“Our women are Muslims, they accept Islamic rules,” he said. “If they continue to live according to shari’a, we will be happy, they will be happy.”

Taliban minister for promotion of virtue and prevention of vice Mohammad Khalid Hanafi speaks during the dresscode announcement on Saturday. (Photo by Ahmad Sahel Arman/AFP via Getty Images)
Taliban minister for promotion of virtue and prevention of vice Mohammad Khalid Hanafi speaks during the dresscode announcement on Saturday. (Photo by Ahmad Sahel Arman/AFP via Getty Images)

Just weeks earlier, as the terrorist group swept through the country’s provinces, it said in a statement it rejects “non-Islamic forms of governance.”

“Everything from politics, economics, culture and education to social life must be follow our religious values,” it said. “This is because Afghans do not desire the elimination of military aggression alone, but also the termination of western political, cultural and ideological invasion.”

Once in power, the Taliban appointed an all-male cabinet, reverted the ministry of women’s affairs into a “ministry for the promotion of virtue and prevention of vice,” and banned women from most employment. (The International Labour Organization reported early this year that more than 500,000 Afghan workers lost their jobs since the Taliban takeover, with women especially badly affected.)

It reneged on a supposed pledge to reopen secondary schools for girls, and announced that women may not travel on domestic or international flights unless accompanied by a male “guardian.”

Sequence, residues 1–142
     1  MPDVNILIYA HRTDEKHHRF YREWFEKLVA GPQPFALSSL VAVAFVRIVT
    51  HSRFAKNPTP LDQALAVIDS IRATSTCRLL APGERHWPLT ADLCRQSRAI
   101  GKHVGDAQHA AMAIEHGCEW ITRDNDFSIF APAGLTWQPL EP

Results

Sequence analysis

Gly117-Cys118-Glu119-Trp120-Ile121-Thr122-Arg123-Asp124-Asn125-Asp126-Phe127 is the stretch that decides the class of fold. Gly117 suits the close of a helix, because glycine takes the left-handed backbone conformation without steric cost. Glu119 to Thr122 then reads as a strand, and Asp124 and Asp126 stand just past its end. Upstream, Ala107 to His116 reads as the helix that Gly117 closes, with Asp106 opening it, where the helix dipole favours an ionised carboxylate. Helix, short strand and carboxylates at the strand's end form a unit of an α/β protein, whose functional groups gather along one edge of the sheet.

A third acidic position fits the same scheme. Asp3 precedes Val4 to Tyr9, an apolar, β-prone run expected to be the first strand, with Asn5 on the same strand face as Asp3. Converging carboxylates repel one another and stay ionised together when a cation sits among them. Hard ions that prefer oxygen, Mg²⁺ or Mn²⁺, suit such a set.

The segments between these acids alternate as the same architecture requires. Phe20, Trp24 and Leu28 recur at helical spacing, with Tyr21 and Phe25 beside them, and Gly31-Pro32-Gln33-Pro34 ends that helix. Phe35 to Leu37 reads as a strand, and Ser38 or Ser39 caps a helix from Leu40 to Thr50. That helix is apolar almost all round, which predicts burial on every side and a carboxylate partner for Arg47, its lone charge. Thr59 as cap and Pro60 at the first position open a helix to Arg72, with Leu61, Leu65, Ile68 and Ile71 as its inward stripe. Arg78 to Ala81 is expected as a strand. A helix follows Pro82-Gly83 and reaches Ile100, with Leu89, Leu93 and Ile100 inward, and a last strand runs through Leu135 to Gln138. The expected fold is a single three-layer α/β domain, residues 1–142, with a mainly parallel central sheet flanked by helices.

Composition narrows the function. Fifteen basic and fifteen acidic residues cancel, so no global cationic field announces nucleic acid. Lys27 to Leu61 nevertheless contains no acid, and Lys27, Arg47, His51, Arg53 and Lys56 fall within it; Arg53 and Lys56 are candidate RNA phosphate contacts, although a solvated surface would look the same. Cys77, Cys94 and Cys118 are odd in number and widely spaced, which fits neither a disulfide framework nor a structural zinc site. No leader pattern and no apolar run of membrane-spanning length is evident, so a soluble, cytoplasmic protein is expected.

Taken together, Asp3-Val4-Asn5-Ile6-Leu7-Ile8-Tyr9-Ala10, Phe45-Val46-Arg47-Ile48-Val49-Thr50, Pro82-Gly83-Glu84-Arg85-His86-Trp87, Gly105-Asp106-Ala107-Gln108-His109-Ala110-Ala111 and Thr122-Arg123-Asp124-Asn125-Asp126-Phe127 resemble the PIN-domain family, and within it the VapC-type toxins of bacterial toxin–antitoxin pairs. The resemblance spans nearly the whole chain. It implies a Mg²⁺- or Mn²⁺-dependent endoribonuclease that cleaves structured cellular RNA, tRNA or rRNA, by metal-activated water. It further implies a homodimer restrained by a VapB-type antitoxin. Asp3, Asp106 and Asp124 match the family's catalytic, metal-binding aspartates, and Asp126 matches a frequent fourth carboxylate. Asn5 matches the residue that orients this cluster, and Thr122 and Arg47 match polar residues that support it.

Non-compliance means imprisonment, loss of job

The dress code decree from the Taliban’s reclusive leader Hibaitullah Akhunzada was unveiled at a Saturday press conference in Kabul by the minister of virtue and vice, Mohammad Khalid Hanafi, the TOLO news agency reported.

It places on male “guardians” the responsibility for ensuring that women in their households comply, on pain of punishment for men who fail to do so.

“If a woman doesn’t wear a hijab, first, her house will be located and her guardian will be advised and warned,” said virtue and vice ministry spokesman Akif Mahajar, reading from the decree.

“Next, if the hijab is not considered, her guardian will be summoned. If repeated, her guardian (father, brother or husband) will be imprisoned for three days. If repeated again, her guardian will be sent to court for further punishment.”

Female public employees will be fired if they don’t comply, Mahajar said, and male public employees will be suspended from their jobs if females in their household are not compliant.

“Hijab” commonly refers to a head covering for Muslim women, but it is also the term for the religious code that governs modest attire for women in Islam (“observing hijab”).

The Taliban ministry recommended Afghan women wear the burqa – the shroud-like full body covering that allows only the eyes to be seen – “as it is part of Afghan culture.”

It also said that women should not leave home unless it is necessary, calling it one of the best ways of “observing hijab.”